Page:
There are certain obligations that are not dischargeable when Florida residents file for bankruptcy under Chapter 7 or Chapter 13. In the case of a debtor who has gone through a divorce, two of these are child support and alimony. However, other obligations that have been incurred as a result of a divorce usually are dischargeable. A ruling that was issued in early March by the U.S. Bankruptcy Court for the Northern District of Georgia has affirmed that this is the case regardless of what kind of language is contained in the divorce order.

That case involved an estranged couple whose divorce had become final. The divorce order had included a requirement that the ex-husband pay a stipulated amount in monthly child support as well as another amount as part of the property settlement. The order contained specific language to the effect that the property division amount would not be subject to discharge in a subsequent bankruptcy.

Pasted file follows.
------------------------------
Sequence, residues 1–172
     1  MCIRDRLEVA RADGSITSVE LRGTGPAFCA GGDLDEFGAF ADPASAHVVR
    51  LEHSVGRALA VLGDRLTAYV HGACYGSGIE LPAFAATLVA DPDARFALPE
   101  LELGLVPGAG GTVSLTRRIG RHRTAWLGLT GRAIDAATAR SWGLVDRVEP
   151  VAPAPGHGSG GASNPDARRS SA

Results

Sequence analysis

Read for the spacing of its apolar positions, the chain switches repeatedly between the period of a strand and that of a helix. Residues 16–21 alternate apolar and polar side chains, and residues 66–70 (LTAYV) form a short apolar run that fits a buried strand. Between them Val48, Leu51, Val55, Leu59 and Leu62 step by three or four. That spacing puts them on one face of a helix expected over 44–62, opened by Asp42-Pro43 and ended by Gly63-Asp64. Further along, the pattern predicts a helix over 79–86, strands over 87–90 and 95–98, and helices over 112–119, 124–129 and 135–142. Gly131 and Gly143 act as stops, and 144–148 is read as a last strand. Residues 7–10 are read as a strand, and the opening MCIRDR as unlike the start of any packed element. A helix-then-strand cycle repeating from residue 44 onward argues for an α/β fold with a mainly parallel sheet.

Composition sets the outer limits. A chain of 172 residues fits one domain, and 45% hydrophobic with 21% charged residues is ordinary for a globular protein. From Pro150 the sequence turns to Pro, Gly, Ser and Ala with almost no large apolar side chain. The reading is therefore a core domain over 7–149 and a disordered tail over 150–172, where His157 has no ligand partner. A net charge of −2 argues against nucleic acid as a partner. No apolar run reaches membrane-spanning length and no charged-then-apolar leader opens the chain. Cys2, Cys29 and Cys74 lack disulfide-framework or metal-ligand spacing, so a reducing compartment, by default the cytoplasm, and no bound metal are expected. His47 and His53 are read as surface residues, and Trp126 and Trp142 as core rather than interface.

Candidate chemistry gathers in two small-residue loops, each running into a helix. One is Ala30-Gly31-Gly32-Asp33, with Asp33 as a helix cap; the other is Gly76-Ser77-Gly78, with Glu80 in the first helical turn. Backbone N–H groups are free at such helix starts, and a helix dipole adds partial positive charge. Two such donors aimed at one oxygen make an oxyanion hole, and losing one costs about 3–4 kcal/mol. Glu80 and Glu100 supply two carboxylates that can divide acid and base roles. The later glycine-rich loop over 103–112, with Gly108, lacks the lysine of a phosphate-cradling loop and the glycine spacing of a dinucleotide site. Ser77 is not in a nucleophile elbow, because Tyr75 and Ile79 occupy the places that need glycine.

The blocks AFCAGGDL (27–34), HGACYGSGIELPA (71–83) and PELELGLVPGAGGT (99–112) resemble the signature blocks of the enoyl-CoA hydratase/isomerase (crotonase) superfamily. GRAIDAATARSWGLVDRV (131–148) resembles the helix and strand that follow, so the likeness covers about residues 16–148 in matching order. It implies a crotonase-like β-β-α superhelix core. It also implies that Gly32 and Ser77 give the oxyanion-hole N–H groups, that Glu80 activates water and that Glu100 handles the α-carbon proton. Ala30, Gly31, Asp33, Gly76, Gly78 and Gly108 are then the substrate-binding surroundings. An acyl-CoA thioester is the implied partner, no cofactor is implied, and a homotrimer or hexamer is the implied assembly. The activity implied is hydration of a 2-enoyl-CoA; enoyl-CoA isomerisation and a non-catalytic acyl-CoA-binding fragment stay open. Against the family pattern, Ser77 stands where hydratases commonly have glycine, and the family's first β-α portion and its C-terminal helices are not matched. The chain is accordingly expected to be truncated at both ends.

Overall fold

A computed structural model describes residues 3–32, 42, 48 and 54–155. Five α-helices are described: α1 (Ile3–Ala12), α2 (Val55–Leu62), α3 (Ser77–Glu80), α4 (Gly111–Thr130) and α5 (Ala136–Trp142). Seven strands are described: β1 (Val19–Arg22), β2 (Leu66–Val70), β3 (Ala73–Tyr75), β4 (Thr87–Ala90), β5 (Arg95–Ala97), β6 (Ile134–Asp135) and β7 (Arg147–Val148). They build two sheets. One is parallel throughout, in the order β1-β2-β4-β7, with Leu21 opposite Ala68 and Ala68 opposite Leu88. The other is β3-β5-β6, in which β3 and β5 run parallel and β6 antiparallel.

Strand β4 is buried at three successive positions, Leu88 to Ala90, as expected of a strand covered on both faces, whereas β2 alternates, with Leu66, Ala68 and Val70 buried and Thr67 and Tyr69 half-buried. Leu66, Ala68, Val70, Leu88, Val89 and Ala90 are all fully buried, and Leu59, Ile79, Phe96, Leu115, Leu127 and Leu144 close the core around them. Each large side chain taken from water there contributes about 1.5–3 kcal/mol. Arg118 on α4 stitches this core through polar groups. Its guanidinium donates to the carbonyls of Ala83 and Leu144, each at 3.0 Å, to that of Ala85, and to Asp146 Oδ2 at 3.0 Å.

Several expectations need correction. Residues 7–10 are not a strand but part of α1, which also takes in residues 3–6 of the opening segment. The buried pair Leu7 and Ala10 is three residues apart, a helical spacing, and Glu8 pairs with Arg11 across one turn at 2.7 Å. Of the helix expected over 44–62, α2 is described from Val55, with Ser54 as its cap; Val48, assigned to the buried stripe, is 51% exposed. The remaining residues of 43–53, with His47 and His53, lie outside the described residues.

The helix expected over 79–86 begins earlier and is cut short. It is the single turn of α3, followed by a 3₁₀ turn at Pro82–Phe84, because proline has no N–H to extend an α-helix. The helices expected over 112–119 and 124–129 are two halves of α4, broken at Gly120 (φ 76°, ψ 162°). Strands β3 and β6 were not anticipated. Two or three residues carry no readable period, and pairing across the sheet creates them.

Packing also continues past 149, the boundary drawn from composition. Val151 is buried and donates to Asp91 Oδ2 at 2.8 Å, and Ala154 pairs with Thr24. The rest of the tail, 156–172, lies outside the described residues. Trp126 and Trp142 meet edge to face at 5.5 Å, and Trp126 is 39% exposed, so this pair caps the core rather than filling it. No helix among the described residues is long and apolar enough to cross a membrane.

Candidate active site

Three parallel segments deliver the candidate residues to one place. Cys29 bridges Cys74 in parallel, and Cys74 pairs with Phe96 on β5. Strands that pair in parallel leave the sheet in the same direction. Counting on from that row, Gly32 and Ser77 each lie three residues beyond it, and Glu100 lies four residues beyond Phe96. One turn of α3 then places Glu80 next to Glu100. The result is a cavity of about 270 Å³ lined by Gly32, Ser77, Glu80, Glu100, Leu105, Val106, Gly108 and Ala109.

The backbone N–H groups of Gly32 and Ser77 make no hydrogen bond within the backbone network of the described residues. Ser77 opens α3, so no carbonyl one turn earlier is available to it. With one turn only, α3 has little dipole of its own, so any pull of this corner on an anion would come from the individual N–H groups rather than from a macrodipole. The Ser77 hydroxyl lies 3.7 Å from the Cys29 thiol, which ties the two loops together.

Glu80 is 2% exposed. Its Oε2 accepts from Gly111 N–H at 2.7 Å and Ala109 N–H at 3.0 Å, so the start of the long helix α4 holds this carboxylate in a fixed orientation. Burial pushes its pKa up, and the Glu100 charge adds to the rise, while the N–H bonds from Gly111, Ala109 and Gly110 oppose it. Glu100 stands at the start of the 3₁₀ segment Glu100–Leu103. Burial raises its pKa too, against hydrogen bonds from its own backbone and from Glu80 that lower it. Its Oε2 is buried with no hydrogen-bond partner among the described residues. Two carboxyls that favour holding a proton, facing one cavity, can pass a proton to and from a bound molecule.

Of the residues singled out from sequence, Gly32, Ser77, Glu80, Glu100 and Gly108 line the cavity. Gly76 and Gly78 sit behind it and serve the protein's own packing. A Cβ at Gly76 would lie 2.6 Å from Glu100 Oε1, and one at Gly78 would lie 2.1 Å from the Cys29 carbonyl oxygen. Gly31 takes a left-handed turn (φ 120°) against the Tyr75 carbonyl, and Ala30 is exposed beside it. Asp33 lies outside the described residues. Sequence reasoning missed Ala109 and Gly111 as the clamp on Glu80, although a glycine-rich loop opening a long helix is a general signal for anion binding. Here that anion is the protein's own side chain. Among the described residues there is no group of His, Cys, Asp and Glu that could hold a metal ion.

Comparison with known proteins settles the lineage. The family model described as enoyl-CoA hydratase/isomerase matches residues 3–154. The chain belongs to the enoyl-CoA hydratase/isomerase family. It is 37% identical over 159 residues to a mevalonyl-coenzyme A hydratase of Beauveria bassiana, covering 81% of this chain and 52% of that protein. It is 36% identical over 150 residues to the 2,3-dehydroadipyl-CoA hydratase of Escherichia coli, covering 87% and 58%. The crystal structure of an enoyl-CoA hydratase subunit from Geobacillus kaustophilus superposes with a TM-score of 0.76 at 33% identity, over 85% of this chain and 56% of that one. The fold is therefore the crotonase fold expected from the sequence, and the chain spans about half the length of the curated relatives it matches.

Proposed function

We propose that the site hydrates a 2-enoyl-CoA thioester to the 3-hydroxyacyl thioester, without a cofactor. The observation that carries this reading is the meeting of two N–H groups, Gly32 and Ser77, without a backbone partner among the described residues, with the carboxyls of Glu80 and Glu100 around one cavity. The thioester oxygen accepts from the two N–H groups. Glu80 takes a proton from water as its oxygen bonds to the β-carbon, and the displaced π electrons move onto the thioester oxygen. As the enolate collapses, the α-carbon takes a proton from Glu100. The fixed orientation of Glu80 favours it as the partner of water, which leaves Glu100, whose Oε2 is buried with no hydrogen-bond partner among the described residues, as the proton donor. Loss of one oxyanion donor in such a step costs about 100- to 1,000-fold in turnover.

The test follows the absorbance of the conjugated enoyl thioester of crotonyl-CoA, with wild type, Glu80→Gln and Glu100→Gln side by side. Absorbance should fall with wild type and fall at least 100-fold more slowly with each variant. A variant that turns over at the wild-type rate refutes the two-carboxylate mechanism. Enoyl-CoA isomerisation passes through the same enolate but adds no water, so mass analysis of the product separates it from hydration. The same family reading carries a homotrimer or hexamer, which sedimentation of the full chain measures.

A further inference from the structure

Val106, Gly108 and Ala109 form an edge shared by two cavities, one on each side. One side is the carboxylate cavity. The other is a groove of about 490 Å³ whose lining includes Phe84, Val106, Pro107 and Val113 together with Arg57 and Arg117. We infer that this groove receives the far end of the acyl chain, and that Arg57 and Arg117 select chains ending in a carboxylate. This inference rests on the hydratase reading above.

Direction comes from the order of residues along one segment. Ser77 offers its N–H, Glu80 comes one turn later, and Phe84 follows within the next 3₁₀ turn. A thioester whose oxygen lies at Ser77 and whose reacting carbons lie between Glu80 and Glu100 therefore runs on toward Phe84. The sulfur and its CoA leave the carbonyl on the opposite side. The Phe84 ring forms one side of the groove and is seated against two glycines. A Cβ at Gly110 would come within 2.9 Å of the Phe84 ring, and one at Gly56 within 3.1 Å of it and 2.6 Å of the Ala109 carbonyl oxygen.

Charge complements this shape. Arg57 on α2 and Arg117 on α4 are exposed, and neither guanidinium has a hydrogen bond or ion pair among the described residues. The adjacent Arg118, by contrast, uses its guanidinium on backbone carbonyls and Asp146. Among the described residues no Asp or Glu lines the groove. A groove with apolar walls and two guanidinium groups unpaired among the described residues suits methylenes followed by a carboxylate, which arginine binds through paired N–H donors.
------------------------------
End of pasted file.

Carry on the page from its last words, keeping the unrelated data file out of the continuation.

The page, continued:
Shortly after the divorce was finalized, the ex-husband filed for Chapter 13. He included as part of the repayment plan the amount required to be paid in the property division settlement. Under Chapter 13, any eligible unsecured debt that remains outstanding after the completion of the plan is generally discharged. The ex-wife filed a motion in the bankruptcy case seeking a declaration that, due to the family court order, the property settlement obligation would not be dischargeable. The bankruptcy court ruled that, as a matter of public policy, a state family court could not dictate what a federal bankruptcy court could do.

This case shows that there can be other aspects of ending a marriage that one or both parties may not envision or fully understand at the time. A person who is in this position may want to meet with an attorney to see if classifying a property division payment as support may provide some protection in the event that the obligor subsequently files for bankruptcy.